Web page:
More than half of Malawi's population need food relief

The drought has ravaged much of southern Africa, but Malawi has been the worst-hit country.

FILE: Women prepare food under the trees at a school in Bangula, Malawi. Picture: Aletta Harrison/EWN.

LILONGWE - More than half of Malawi's population is in need of food aid after an El Nino-induced drought decimated crops, the minister of agriculture said on Wednesday.

The drought has ravaged much of southern Africa, but Malawi has been the worst-hit country with more almost half of its population of about 15 million affected.

"The results of this rapid assessment showed that close to 8.4 million people will need food because they have partially or completely lost their crops through El Nino induced dry spells," Godfrey Chaponda told Reuters.

He said that in collaboration with the UN Food and Agriculture Organisation (FAO), the government had conducted a rapid assessment to determine the impact of El Nino on crop production.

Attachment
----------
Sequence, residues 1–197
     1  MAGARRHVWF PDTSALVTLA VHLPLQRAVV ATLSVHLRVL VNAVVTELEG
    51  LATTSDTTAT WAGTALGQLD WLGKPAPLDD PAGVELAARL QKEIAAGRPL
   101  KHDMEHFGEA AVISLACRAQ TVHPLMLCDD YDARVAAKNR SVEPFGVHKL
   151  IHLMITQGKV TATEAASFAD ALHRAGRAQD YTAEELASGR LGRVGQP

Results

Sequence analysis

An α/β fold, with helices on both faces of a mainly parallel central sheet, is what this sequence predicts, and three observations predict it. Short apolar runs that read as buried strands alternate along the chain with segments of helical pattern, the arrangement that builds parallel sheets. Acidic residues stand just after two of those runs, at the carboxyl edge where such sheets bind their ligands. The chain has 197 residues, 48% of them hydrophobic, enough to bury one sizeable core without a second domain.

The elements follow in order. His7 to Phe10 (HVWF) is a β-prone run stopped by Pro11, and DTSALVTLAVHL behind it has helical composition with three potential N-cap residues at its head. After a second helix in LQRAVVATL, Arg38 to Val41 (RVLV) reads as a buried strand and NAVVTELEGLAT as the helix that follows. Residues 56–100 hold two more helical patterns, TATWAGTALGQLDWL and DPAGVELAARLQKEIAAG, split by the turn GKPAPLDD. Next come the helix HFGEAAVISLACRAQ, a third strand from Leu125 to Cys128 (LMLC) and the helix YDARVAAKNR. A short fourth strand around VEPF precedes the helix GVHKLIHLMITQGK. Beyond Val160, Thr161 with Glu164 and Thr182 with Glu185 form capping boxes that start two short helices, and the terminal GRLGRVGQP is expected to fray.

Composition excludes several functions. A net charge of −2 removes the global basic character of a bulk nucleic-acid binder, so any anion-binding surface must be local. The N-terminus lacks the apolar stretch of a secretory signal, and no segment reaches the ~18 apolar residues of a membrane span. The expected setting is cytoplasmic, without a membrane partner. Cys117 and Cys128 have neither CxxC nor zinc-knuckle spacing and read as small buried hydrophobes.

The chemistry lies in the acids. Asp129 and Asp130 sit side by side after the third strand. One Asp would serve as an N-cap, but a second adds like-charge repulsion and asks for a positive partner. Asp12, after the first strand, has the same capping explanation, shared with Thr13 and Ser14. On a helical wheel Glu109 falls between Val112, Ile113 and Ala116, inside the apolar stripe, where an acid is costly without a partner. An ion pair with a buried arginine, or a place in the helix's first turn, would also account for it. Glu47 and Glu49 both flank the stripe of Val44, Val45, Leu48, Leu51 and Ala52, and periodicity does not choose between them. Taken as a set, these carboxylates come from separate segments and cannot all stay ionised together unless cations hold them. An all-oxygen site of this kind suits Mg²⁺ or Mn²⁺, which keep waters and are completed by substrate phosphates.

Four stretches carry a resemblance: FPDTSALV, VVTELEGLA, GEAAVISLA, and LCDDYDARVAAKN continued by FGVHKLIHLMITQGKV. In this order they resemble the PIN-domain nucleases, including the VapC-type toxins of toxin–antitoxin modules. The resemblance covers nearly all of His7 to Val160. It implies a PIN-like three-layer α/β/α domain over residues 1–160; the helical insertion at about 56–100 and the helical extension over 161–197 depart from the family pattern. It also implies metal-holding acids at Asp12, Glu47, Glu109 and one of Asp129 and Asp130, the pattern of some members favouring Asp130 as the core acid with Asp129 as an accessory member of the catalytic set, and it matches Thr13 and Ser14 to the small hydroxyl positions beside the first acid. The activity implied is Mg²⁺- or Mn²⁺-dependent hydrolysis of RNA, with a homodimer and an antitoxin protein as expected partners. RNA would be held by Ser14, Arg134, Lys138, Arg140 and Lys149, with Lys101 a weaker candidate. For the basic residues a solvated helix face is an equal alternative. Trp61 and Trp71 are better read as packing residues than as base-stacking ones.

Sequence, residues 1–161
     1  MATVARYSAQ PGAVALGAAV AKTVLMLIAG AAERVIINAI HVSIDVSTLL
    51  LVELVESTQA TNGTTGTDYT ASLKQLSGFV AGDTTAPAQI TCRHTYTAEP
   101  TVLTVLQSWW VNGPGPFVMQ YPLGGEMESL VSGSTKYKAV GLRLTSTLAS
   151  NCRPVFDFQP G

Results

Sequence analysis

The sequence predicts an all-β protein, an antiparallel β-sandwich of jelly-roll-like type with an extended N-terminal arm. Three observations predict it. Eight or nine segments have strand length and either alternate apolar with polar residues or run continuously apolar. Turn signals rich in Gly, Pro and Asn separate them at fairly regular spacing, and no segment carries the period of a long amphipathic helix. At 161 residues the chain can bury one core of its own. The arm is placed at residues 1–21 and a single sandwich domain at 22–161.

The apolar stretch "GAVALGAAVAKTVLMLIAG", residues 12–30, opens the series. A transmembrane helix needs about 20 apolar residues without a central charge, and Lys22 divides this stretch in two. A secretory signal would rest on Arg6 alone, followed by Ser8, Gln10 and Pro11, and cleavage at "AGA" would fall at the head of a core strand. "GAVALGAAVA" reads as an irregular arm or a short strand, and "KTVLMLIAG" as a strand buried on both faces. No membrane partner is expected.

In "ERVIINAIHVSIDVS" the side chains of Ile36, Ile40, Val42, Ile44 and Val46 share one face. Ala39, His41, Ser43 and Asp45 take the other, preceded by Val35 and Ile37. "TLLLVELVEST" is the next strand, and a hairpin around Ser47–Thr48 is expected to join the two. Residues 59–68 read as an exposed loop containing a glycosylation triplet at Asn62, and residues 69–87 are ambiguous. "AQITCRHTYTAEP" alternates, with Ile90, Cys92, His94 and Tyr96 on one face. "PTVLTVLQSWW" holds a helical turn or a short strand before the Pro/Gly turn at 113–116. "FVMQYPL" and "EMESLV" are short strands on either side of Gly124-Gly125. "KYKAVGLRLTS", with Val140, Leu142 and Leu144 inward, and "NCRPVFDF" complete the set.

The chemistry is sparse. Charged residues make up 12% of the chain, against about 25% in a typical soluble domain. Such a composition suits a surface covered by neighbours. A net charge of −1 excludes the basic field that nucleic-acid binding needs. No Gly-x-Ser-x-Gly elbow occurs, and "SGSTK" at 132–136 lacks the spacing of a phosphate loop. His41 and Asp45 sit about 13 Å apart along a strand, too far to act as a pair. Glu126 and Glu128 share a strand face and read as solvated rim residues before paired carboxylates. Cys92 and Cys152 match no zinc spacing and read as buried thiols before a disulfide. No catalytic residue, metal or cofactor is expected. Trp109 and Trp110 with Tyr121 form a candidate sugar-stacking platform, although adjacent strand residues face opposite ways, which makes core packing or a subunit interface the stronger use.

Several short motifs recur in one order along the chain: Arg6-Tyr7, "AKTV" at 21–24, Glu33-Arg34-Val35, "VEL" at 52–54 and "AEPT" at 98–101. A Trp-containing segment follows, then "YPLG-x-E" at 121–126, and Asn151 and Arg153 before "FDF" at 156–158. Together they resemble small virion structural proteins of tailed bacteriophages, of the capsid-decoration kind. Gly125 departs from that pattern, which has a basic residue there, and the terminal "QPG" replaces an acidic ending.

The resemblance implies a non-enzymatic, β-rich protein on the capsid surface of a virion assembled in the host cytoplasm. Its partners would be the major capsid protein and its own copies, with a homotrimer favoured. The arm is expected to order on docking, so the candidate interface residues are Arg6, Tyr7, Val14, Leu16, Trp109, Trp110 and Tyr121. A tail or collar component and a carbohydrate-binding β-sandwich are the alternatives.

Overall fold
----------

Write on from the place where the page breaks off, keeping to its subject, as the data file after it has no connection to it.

"The results further show that the affected population will require about 790,000 metric tons of relief food for a period ranging from April 2016 to March 2017."

Prices for maize, the nation's staple crop, have in recent months gone up more than 60 percent above the 3-year average for this time of the year, making it increasingly difficult for many people to buy food.

The minister said that in total, the country is projecting 1.2 million tonnes of maize will be needed to avert the growing hunger situation this season.

The second round of crop estimates, which government undertook between mid-February and March this year, estimates that maize production for the current season will be 2.4 million tonnes or a 12.4 percent decline compared to last season.

Chaponda said that in two years, Malawi has registered a cumulative 42 percent decline in maize output.

"To offset the huge maize deficit facing the country this year, government has laid out a plan to import about one million tonnes of white maize to fill the food gap," the minister said.